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An Armenian-Turkish-American friend


Coincidentally, days after we went through the Armenian conference excitement last month, I received a call from Kaan Soyak, chairman of the Turkish-Armenian Business Council. Kaan, an Armenian Turk, is, like me, one of the leading “traitors” of this country who has been trying hard to increase social contact between Turkey and Armenia in the hope that a better understanding among peoples will help in the creation of better relations between Turkey and Armenia. Over the past decade I have at times helped him in his efforts, but mostly he helped me in my drive to forge some communication between Turkish, Armenian and Azerbaijani journalists as well as other professional groups.

“Will you be in Ankara this week? I have a very important guest from the United States: A Turkish-Armenian-American man of religion. I will be accompanying him for some talks with some prominent people down there. Politicians, bureaucrats, businessmen… you know.” Kaan said. It would be great to meet with a Turkish-Armenian-American man of religion who traveled all the way to Turkey to meet with some prominent Turks.

It was great getting to know the Reverend Father Papken Anoushian from St. Thomas Church in New Jersey and listen to his views about the importance of social contact in promoting relations between the Turkish and Armenian peoples and trying to seek a common future together rather than letting what has happened or has not happened at a certain point in the common history of the two peoples bury us in a futile dead end.

Father Anoushian appeared delighted with the conversations he had in Ankara, though he was more convinced that it would take longer than anticipated for a normalization of relations between Ankara and Yerevan.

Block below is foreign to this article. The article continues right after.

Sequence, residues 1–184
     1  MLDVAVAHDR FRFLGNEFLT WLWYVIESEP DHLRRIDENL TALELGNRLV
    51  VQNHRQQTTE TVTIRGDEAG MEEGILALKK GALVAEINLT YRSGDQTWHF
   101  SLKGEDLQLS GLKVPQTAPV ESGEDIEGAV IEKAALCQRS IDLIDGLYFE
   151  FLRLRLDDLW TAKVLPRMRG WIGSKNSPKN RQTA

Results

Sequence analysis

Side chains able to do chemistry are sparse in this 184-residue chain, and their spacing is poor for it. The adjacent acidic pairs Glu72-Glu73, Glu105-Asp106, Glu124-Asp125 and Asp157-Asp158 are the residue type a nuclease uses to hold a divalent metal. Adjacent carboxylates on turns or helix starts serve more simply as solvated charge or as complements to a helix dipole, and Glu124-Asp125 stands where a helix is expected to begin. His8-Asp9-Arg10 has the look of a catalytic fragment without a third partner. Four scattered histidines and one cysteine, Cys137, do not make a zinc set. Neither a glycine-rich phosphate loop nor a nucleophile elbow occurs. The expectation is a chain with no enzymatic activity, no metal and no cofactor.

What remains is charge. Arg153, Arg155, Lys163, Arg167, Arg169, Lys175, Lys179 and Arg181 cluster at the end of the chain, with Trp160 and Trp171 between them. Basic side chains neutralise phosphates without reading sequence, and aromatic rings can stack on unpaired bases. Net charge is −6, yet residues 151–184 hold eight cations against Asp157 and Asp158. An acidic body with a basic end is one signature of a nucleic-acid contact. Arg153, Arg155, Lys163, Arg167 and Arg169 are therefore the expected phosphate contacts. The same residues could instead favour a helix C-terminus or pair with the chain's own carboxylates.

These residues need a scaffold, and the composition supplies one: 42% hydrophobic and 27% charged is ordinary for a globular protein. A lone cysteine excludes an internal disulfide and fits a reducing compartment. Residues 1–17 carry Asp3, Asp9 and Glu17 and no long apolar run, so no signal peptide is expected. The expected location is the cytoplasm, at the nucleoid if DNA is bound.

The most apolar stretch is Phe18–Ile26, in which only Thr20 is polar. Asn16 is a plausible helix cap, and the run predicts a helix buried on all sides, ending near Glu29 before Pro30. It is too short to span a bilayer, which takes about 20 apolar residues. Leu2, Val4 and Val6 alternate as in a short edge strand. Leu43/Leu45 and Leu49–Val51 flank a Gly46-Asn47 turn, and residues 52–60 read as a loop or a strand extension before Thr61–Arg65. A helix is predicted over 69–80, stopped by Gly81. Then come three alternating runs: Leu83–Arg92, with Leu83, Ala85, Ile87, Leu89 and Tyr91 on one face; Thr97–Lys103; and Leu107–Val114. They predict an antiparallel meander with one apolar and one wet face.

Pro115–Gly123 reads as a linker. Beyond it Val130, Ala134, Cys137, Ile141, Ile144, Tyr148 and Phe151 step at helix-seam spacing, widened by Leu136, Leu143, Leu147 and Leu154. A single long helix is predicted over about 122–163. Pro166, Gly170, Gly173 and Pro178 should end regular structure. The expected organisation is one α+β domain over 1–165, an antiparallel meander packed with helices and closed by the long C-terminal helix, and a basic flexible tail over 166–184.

He listened silently to my explanations of how we came to the brink of opening the border and establishing a land and rail link between Turkey and Central Asia through Armenia but every time — either because of unfortunate Armenian resolutions in the French parliament and the European Parliament and elsewhere — all such efforts were dashed by Armenian extremists. We explained to him our conviction that unless the Armenian economy is revitalized by opening the border and converting that piece of land into a hub of transactions between the world and Central Asia, the impact of the extremist Armenian diaspora on policy-making in Yerevan will continue.

We underlined as well the need for some openings from Yerevan that would enable the government in Ankara to take some courageous steps towards Armenia. A declaration from the Armenian leadership that Yerevan has no territorial claims on Turkey, allowing a phased return of displaced Azerbaijanis to their land in Nagorno-Karabakh and the adjacent territory under Armenian occupation, without compromising on their version of the 1915-1923 events but with the preparedness to accept the outcome, allowing a team of historians to explore under UNESCO’s supervision what indeed happened at that time and similar moves would help open a new phase in ties.

Father Anoushian will be back in Turkey next year as well. Next time, he said, he hoped he would be accompanied by some 50 or more people from his community in New Jersey.

Dink sentencing:

A day after my meeting with Father Anoushian, I left for Luxembourg for the landmark start of accession talks. On my return, to my dismay, there was a report on the wire services: An Istanbul court convicted Hrant Dink, an Armenian-Turkish journalist, of having insulted the Turkish national identity.

He was convicted of urging diaspora Armenians in a series of 2004 articles to get rid of the “poisoning effect” of their history in Turkey and focus on the welfare of Armenia, said Karin Karakasli, an editor at the newspaper. She said the court took the article out of context, saying it meant that Turkish blood is poison.

At a time when nationalists are crying in Turkey that the EU would be pushing us soon to “compromise” on the Armenia issue, isn’t it awkward to “misinterpret” and sentence a journalist under a law that is irrelevant, anyhow, to the road we have undertaken towards EU membership?

The sentencing of Dink is no different than the Orhan Pamuk case and underlines the pressing need to continue with democratization in this country. We have to change not only these laws, but the mindset as well.

We want a self-confident Turkey at peace with itself, at peace with its neighbors and which is democratic and secular and has supremacy of law, freedom of _expression and freedom of belief.

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